MINXY MURDEROUSNESS AMID THE WAVING CATS..
Polly Findlay, who gave us the National Theatre’s tough Antigone and Derren Brown’s Svengali, has great fun with RSC directorial debut: heavy snow, thick fog, pitch darkness, the more evil characters enjoying petulant asides to the audience, and a crane facilitating a memorably unsuccessful attempt at hiding a corpse. Oh, and a startling final treatment of Chinese Lucky Waving Cats. It is a play which demands no less: as Stratford’s “Roaring Girls” season rolls on in the small auditorium down the corridor from the male political solemnities of Henry IV, anything less than a full-throated 100-minute trip over the top and down the other side would be unwise.
For it’s no masterpiece. It’s an anonymous 1592 play, bits of it fairly randomly ascribed down the centuries to Kyd, Marlowe, and Shakespeare himself, though there’s only one scene, a ferocious lovers’ tiff, which for me rises to a Shakespearian level of vigorous insult. Elsewhere there is a sense that his contemporaries, between beers, were taking the mick. Ian Bonar’s nervous manservant William has a Hamlettish soliloquy about whether to collaborate in the central murder, and Sharon Small’s flirting, wriggling, slinky finger-snapping killer-wife is awarded an improbable Lady Macbeth moment. Think of it as a prototype Ealing black comedy; it bears the same relationship to Shakespeare as The Comic Strip Presents does to a solemn BBC drama.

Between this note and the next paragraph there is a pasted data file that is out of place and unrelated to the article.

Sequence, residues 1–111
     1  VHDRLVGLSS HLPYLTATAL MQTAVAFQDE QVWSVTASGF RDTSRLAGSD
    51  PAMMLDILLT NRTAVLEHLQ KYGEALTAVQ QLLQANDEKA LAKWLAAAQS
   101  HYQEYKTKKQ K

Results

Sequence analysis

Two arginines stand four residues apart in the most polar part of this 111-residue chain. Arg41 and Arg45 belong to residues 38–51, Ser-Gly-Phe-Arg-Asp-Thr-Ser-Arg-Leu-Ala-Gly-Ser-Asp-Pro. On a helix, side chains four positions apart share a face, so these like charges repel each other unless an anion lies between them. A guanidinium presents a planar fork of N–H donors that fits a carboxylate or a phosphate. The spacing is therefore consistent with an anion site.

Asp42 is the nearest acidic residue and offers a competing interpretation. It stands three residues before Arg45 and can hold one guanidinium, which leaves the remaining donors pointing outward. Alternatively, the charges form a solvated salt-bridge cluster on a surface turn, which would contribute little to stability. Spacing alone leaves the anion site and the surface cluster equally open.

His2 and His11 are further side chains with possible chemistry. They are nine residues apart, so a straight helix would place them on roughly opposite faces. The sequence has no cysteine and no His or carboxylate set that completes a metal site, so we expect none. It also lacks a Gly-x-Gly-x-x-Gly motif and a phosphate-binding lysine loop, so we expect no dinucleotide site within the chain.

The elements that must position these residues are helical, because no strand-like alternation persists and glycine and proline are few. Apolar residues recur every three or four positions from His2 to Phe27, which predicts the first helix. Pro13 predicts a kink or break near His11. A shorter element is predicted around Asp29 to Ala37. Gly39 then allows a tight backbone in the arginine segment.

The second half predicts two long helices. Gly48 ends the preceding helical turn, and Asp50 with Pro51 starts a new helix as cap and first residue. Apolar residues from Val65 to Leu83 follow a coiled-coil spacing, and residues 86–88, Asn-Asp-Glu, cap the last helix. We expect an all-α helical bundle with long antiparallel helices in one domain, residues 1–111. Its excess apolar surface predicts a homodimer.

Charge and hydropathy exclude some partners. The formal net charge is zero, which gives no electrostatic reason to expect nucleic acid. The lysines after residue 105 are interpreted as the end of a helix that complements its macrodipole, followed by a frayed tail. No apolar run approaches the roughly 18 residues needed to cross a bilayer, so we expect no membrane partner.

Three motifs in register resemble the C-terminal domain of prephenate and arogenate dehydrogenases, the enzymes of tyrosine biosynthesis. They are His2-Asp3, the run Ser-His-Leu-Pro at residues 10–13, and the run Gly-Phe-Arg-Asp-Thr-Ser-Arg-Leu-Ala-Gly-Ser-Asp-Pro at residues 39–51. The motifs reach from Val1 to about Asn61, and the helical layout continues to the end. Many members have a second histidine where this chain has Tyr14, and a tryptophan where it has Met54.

Not least because this is a thoroughly middle-class tale. It could come straight out of a modern tabloid, and Findlay makes Arden (Ian Redford, splendidly fat-cat) not only a 21c property man but owner of a warehouse packing up terrible gold Chinese waving-cats, presumably as a cheerfully unsubtle symbol of naff pointless globalization. Sharon Small as Alice is equally TOWIE, in Lacroix-style garish outfits and inch-high aquamarine eyeshadow which precedes her into the room.
It was based on a real murder in the mid-16c: Thomas Arden was killed by his wife Alice and her lover, who hired a hit-man. Additional interest arises from the fact that Arden is no innocent: in the few poignant moments petitioners beg for the return of land and livelihoods which he has annexed. There is a sub-plot, of which Findlay makes the most, involving rival suitors for Alice’s terrified maid (a physically hilarious though mainly silent Elspeth Brodie in Marigold gloves). The larkiness, however, stems from the glorious (Ealing!) incompetence of the plots: first Alice tries to poison Arden and he dislikes the porridge: Small hurls it around the stage with magnificent petulance. Then they persuade an idiotic painter (Christopher Middleton) to make a lethal poisoned crucifix (very Jacobean, that) protecting himself by stuffing rhubarb up his nose. But nothing comes of that.
Mainly, though, the murder is delegated to Black Will and Shakesbag – Jay Simpson and Tony Jayawardena – who when not accidentally knocking one another out or falling in ditches, can be seen in the gallery overhead fighting hopelessly over the instruction book for a laser-sighted sniper rifle. Top marks to both for not falling off the catwalk into the audience’s laps, either in the pitch dark or the thickest fog I have ever seen on stage. They get Arden in the end, of course, and justice gets them all. Macbeth it ain’t, but smartly done.